Important Notice

Special captions are available for the humor-impaired.


Tuesday, May 30, 2017

War Machine: Thinly-Veiled Documentary on a Failed General and a Failed War

Possibly the best movie about war I’ve ever seen if you define war as the insane ambition of America’s failed military elite, a group unable to comprehend that we can’t kill our way out of all of our problems.

Please, just leave now.” These are the words of an Afghan villager to the American general in the film War Machine.

That says it all. We should have never gone in the first place. They criticize Obama—at least obliquely—but I think Obama wanted no part of these wars that he didn’t instigate. When he took office the military elite treated him like an ignorant child and I think Obama just said, “OK. I’ll let you idiots own these completely failed wars.” If you are still blaming Obama for these nightmares then you are a complete idiot or an amnesiac.

It isn’t a very cinematic depiction of war but it could be the most realistic telling of how wars are fought that has ever been put on film. Of course, I’m not including documentaries and this would have been much better as a documentary. Just why this wasn’t a documentary or why they didn’t call General McCrystal by name seems like a mistake to me.

War isn’t cool or sexy, the way it’s portrayed in most war films that make the violence fun and exciting. Using violence as an entertainment tool while glorify killing and mayhem has raised our threshold for outrage to the point that we find it impossible to distinguish between the newspaper headlines and the latest action flic at the multiplex.

Our military leaders since WWII have been the very worst of our elite in America, even worse than our financial leaders who are thieving scoundrels with the morals of snakes. Our military leaders are blind half-wits unable to learn from their many, many mistakes over the past 70 years and almost every move they have made has been a mistake. McCrystal was exactly the delusional creep that the reporter in the film calls out:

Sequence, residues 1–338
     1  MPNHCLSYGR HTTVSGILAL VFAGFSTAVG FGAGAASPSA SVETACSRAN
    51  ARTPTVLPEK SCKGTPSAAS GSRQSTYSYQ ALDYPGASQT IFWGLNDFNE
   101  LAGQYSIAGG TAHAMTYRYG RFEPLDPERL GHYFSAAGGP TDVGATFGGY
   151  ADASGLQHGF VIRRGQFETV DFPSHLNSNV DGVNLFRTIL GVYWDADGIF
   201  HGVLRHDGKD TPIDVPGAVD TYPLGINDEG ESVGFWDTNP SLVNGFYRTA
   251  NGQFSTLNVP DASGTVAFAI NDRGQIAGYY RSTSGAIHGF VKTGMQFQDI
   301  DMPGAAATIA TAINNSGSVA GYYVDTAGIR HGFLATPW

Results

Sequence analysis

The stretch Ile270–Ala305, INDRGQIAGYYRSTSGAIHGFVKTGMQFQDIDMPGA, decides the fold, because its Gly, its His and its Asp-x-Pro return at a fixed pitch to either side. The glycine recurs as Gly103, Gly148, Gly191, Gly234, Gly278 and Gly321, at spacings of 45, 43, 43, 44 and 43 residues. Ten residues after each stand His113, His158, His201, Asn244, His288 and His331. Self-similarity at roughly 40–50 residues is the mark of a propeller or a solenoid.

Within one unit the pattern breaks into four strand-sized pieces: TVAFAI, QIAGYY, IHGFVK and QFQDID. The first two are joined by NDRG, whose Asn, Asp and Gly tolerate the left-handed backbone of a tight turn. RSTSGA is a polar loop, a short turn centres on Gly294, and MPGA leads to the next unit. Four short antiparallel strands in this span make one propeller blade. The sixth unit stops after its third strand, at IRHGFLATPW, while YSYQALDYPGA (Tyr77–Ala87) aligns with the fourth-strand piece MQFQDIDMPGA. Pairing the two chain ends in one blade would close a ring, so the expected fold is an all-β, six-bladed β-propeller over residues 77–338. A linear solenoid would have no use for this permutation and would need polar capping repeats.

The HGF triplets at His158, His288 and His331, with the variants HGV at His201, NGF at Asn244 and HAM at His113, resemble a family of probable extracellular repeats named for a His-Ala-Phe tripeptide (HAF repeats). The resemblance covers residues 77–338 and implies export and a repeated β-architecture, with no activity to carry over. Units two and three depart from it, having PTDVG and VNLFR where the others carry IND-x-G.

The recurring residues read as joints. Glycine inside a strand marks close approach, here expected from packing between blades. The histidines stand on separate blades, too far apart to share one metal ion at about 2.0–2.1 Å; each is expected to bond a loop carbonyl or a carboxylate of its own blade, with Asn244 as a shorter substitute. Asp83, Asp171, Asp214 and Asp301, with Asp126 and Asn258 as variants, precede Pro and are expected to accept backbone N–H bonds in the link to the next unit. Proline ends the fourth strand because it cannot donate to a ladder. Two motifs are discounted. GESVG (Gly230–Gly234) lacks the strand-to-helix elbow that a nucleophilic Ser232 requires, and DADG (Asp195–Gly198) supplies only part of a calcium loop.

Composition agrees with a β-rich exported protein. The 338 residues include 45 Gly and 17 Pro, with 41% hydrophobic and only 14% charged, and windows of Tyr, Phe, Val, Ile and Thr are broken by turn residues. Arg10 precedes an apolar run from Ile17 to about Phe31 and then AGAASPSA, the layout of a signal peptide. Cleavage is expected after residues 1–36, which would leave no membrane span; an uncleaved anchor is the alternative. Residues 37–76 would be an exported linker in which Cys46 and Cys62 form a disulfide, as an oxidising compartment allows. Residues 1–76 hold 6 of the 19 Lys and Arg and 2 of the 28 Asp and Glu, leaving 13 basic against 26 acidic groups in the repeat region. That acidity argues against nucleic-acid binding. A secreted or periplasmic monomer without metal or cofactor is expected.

As an elected representative of the people of Germany it is my job to ensure that the personal ambitions of those who serve those people are kept in check. You have devoted your entire life, General, to the fighting of war and this situation in Afghanistan, for you, it is the culmination of all your years of training, all your years of ambition. This is the great moment of your life.

It's understandable to me that you should have, therefore, a fetish for completion to make your moment glorious. It is my job, however, to ensure that your personal ambitions are not entirely delusional and do not carry with them an unacceptable cost for everybody else.

Just what did our military elite think would be the result of our invasions of Afghanistan and Iraq? They couldn’t give a straight answer to the American public and the Bush administration tip-toed around anything that hinted at predictions. They ridiculed reporters who asked them for predictions. Isn’t a lack of predictions evidence of a lack of a plan?

So instead of any coherent strategy they gave us platitudes about facing evil. In the film, before the General’s big plan is set in motion (an utter failure by all accounts) we get a rousing, moronic locker room speech reminiscent of Henry V and then a chaplain gives an even more moronic and insipid prayer.

No comments:

Post a Comment

If you can't say something nice, say it here.